It’s been over a week since the snowstorm of 2014 assaulted Boone County, and now the January thaw is well underway. We are well into a winter like we used to have when I was growing up in central Indiana. Below zero temperatures and heavy snow used to be the norm for our part of the world, but for the past several years we have been living in a moderate winter zone. I’m expecting two or three more heavy snow events for our state, along with at least one more bout of subzero temperatures. Hey, I might as well put in my two cents’ worth. Maybe I will predict the weather better than our overpaid weathermen on TV. I was in happy land as I peered out the window at the snow as it began piling up. I only wish that I could have been out in it so that I could experience it firsthand. A few years ago, I would have been preparing to depart into the frozen tundra soon after the last flake had fallen. There is nothing so silent or still as the out-of-doors after a heavy blanket of snow has been laid down. Even traffic becomes less annoying as the snowfall muffles the sounds of cars and trucks as they travel down the road.
The beautiful red bird (cardinal) stands out like a beacon of red against the backdrop of the snowy landscape that God has painted on his canvas. The squirrels are beginning to scamper about in search of food that they stowed away when the sun’s rays still felt warm against our skin. Later this spring trees will begin to sprout through the thawed soil, thanks to the hard work of those furry little varmints. I don’t believe that they really intended to help reforest our woodlands, but had merely forgotten where they had buried some of their treasure trove of goodies.
Often, I have wished that I had been able to hold onto the land that my great-grandparents had settled on in the 1800s. Along with the help of nature, I would have attempted to turn those once fertile fields of corn and soybeans into a heavily-wooded forest, which would eventually allow more wildlife to populate the land. I find it nearly unbearable to drive through Hamilton County and see just how much land has been taken over by less than beautifully designed housing and city-slicker landscaping. Lonesome country roads have been turned into four-lane parkways with European style roundabouts dotting the once ghost town-like intersections. I have reason to believe that our own rural settlement will one day resemble our neighboring county. Oh how sad it will be, when we exit the once familiar era of small towns where everyone knows their neighbor.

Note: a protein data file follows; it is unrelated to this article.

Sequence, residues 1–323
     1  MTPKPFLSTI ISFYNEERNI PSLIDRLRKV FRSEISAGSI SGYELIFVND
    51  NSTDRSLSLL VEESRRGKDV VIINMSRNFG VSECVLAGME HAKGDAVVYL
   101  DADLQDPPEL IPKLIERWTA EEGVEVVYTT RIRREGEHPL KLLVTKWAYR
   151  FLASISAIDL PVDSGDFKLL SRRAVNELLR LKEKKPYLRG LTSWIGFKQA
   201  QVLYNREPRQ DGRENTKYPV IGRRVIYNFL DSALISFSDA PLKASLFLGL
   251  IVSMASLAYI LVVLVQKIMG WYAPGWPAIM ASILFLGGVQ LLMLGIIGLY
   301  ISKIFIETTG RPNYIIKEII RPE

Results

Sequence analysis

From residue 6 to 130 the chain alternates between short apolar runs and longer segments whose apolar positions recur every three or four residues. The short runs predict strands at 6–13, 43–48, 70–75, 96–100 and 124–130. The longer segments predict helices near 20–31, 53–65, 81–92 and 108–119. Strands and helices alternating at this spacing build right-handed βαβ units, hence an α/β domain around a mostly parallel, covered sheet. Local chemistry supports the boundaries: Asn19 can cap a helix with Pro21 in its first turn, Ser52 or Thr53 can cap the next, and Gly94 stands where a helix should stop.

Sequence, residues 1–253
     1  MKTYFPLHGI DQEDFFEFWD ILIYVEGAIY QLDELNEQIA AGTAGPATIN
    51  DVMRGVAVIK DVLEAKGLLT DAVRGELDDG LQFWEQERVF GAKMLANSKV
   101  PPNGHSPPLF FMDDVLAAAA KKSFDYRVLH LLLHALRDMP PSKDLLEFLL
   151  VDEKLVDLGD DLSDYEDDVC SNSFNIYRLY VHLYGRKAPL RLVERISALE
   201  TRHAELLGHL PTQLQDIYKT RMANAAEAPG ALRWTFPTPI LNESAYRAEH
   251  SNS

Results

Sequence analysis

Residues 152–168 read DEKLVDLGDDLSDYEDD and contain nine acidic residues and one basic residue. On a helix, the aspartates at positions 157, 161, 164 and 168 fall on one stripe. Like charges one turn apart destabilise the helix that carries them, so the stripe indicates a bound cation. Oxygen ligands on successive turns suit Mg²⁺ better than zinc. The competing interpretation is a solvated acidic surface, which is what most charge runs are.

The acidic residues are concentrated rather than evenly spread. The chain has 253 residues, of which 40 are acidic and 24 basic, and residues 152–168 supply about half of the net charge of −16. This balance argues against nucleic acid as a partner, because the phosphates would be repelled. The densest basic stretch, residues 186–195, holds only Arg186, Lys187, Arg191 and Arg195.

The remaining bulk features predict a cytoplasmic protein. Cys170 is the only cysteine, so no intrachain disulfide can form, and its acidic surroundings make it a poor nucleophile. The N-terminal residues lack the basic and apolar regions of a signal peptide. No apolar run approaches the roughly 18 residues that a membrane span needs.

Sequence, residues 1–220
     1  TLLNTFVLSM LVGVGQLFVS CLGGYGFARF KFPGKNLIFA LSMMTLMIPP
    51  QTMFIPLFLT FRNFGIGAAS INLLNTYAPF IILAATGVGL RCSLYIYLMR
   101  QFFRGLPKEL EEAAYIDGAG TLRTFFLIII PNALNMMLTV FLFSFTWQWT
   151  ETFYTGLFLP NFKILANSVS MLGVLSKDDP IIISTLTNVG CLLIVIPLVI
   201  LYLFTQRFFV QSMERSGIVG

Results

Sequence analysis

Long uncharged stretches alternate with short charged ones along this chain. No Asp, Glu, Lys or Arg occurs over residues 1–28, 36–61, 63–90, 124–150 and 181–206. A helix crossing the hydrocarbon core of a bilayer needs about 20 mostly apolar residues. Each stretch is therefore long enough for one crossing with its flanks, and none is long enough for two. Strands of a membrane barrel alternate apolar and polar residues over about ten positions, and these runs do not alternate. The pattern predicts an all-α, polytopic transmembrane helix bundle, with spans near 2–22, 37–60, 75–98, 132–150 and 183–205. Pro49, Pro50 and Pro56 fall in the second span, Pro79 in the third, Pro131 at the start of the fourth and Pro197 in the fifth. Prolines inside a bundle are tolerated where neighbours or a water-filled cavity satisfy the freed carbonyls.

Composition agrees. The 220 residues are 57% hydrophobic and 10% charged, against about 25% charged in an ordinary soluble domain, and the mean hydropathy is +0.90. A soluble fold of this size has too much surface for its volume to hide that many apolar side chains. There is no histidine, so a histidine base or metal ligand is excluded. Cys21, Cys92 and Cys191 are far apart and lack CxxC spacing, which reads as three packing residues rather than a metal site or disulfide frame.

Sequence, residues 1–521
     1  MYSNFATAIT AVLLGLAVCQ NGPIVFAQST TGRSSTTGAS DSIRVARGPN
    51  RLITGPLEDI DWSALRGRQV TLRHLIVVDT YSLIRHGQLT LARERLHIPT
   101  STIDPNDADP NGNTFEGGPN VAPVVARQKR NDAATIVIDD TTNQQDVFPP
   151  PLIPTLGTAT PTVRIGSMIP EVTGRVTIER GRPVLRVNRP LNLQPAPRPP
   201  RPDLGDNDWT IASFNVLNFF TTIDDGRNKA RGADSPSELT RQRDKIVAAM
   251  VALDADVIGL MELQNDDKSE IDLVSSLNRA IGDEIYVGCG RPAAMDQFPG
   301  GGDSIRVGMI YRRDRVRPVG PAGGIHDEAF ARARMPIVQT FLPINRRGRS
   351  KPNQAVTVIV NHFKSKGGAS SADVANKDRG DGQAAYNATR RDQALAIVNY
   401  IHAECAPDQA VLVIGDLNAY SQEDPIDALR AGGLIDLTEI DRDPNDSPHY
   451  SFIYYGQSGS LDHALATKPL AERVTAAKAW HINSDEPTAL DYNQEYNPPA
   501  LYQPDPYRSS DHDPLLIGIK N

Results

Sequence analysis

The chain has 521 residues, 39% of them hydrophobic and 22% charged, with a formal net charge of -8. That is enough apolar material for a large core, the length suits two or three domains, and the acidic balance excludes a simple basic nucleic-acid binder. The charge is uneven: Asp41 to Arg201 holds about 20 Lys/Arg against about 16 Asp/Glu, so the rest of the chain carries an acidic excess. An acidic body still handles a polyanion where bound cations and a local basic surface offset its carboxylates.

Do we really wish to create a metropolis that will replace close-knit communities with drugstores, banks and supermarkets on every street corner? Must we sacrifice our beautifully-landscaped yards, peaceful parks and small schools for fiscal growth and a chance to have a bigger black dot on our state map representing our expanding community? What’s next, will Turkey Run State Park become the Central Park of Indiana, surrounded by expensive high-rise suites and ever rising crime rates? I for one will not stand by and watch our little corner of paradise turn into the city of Fishers in Hamilton County. If we lose the battle to keep Boone County small, I think that I, along with my wife, dog and pet bird will have to hitch a ride on the next wagon train west.I love to observe our populations of deer, coyote, raccoon, turkey and birds as they inhabit and move about our county. I’ve, on occasion, even witnessed a wolf proudly surveying his surroundings. One can only hope that the majestic black bear will once again populate our state. With the way some city slickers carry on about coyotes, can you imagine what they would say about a bear rummaging through their garbage cans?There is nothing more eerie sounding or beautiful than the sound of a redheaded woodpecker echoing throughout the woodlands in search of insects hidden beneath tree bark. By keeping our eyes towards the ground, we could easily miss a pair of eagles soaring high overhead. What a true love story this bird creates as it stays with its mate for life, never leaving the other’s side “until death do they part.” Oh, couldn’t many of us learn something from those amazing predators of the skies?I’m not much of a supporter of ‘possums, but one time I saw several hanging by their tails from a tree along the side of a country road. I must admit that it was a rather unique sight that I’m glad I didn’t miss seeing. I’d much rather have a bear in my garbage though, than a dirty, over-sized rat, which a ‘possum resembles.
So as the snow continues to melt away and the frigid air moderates, just like tomorrow, it will come once again. Think of it, we have not even completed our first month of winter weather. So men, don’t shave your winter beards off too soon, and ladies, keep those warm boots next to the door, because, trust me, you will need them again. While the ground once again wins out over the snow, take some time to spend out-of-doors and soak up our local wildlife and beautiful woodlands. Sadly I must say that if it ever vanishes, it will be gone forever. Even if we would try and restore what we have destroyed, nothing would ever be the same.
Contact Raymond Snoke at firstname.lastname@example.org.